The new state laws, which are in line with the BJP’s land ordinance, undo consent procedures and legitimise land acquisition with terms favourable to investors.
One of independent India’s landmark legal reforms has failed. The Right to Fair Compensation and Transparency in Land Acquisition, Rehabilitation and Resettlement Act, (LARR) 2013, which replaced the colonial legislation of 1894, was one of the biggest reforms in the arena of land governance. But following the failure of the BJP government’s efforts to amend it through its land ordinances issued after 2014, six states have used constitutional provisions to make new laws. Other states have developed rules under the Act to dilute the rights of landowners and land dependent people in the face of land acquisition.
The major reason to undo this law is that it comes in the way of providing land cheaply and quickly to investors. The LARR will go down in history as the law that was brought in by social movements and dismantled by the country’s democratically elected leaders in favour of investors.
States don’t want to seek consent or return land
Gujarat, Rajasthan, Maharashtra, Jharkhand and Telangana have enacted new laws using Article 254(2) of the constitution by seeking presidential assent. Barring Telangana, all are BJP-ruled states. Their laws replicate or reflect the key amendments proposed in the 2014 ordinance. Gujarat and Telangana exempt a long list of projects from social impact assessment (SIA) and mandatory consent of landowners. These include projects of national security, defence, rural infrastructure, affordable housing, industrial corridors and other infrastructural projects, including projects under public-private partnerships (PPPs). In Maharashtra, PPP projects have been fully exempted from the SIA and consent clauses.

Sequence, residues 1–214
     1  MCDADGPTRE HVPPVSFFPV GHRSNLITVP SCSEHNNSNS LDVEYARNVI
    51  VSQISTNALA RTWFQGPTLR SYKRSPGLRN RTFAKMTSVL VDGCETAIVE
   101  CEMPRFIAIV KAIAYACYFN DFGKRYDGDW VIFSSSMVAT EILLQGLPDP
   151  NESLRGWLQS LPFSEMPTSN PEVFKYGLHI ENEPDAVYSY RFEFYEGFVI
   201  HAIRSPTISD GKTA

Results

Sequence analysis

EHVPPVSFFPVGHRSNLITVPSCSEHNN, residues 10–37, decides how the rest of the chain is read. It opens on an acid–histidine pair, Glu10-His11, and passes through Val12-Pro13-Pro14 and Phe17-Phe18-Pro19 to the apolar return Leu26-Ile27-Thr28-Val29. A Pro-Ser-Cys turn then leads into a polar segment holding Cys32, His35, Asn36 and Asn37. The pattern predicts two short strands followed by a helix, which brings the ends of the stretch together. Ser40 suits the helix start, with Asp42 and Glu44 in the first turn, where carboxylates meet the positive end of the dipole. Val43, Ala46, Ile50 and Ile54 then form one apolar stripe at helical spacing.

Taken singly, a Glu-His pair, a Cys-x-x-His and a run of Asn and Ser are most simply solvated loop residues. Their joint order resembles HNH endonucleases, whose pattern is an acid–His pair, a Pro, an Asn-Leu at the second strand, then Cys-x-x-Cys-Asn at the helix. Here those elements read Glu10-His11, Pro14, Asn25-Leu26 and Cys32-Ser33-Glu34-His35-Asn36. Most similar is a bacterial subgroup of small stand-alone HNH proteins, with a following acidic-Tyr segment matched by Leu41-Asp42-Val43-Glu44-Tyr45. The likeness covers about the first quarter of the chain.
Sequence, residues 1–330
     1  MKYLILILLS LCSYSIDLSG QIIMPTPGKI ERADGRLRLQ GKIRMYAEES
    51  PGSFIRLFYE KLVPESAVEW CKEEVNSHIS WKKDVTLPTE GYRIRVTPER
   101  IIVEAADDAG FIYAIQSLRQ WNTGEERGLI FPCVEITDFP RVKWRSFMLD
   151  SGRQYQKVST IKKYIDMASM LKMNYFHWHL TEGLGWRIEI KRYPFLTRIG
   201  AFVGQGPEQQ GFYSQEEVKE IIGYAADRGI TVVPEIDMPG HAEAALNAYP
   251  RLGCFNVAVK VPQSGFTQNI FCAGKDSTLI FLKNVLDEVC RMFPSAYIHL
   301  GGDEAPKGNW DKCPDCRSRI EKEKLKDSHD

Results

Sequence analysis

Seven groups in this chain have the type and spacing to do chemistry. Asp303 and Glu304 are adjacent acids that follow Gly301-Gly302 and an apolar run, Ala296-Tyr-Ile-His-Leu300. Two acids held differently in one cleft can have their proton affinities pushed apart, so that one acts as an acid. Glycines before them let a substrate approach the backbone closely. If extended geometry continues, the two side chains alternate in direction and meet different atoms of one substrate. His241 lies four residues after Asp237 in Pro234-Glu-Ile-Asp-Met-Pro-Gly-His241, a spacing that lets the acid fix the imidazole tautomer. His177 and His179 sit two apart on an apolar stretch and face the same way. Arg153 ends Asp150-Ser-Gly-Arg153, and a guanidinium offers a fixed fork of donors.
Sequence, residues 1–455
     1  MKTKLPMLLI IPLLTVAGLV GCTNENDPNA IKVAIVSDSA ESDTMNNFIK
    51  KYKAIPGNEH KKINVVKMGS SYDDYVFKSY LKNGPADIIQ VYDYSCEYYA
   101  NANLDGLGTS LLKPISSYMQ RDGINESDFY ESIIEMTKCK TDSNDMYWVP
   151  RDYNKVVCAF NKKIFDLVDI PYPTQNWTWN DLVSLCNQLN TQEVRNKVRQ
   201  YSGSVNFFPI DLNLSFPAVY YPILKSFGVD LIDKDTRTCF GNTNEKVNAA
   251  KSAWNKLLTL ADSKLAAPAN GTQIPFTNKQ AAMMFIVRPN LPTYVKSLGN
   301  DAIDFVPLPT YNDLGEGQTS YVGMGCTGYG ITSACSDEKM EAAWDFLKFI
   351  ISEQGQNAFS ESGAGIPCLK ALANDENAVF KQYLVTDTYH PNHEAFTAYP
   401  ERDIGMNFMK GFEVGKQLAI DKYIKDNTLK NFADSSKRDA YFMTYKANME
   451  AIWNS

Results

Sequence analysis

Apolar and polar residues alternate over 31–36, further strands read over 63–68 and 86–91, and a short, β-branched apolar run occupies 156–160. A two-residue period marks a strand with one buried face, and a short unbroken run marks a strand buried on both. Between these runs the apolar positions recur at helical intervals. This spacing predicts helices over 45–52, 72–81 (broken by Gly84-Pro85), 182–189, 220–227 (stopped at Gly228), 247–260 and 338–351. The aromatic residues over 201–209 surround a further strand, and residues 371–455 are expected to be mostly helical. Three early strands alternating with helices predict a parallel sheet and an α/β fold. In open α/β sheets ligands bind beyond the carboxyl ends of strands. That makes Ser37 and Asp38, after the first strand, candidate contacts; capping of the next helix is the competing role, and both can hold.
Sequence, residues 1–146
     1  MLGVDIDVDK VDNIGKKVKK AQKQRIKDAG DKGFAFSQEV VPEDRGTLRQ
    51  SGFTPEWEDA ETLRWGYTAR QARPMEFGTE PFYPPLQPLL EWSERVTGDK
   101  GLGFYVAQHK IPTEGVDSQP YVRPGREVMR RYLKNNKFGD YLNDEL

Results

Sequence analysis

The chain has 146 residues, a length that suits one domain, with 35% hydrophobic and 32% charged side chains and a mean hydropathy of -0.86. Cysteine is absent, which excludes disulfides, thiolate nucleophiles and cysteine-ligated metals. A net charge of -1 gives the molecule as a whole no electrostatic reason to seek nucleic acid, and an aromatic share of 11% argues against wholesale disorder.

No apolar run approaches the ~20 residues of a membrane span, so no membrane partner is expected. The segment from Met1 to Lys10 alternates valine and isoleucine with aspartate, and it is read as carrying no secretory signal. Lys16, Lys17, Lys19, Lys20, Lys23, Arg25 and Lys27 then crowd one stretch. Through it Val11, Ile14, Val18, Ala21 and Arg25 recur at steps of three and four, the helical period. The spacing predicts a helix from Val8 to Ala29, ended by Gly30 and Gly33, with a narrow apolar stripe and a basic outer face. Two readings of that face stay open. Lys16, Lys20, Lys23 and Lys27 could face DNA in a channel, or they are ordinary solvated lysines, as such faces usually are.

SIA and consent were considered two progressive pillars of the 2013 law necessary to uphold democratic decision-making. Seeking consent of 70% (for PPP) and 80% (for private projects) of the landowners before acquiring their land was included in the law to address the serious injustice in the earlier practice where the state could take away an individual’s home, farm or occupational right by merely issuing a notice. SIA is the only mechanism today to address the impacts of acquisition on the livelihoods of all those who don’t own land but are dependent on it. This is a pre-requisite to formulate inclusive rehabilitation packages. The SIA, coupled with public hearings at the gram sabha, was to ensure that all affected people would have a right to compensation and rehabilitation.
Several state level rules have diluted the central act. Telangana, Uttar Pradesh and Andhra Pradesh have all reduced the notice period for public hearings under SIA from three weeks to one week. In Jharkhand, for instance, the quorum for seeking consent from the gram sabha has been reduced from half to one-third.
Also read: In Jharkhand, BJP Makes Thinly-Veiled Attempts to Shift Spotlight From Changes in Land Laws
States have also reduced compensations. The 2013 law had a differential multiplying factor for calculating compensation in rural and urban areas. This was brought in as a mechanism to fix the deficiency in market rates while computing compensation amounts. According to the central Act, the market value is to be multiplied by a fixed number (one in urban areas and two in rural areas) and then a solatium is to be imposed on the value that is arrived at. Haryana, Chhattisgarh and Tripura have reduced the multiplying factor in rural areas from two to one, thereby reducing the amount of compensation that will be received.
The central law had specific provisions for returning unused land to the original owners. However, state governments are trying hard not to return unused land to the farmers by using land banks or using them for other public purpose. States laws of Odisha and Jharkhand allow only for the reversal of unused land to land banks. In Tamil Nadu, the district collector can assess the reallocation of the unused land for any other use with no specified time frame. Thereafter it is to stay in a land bank.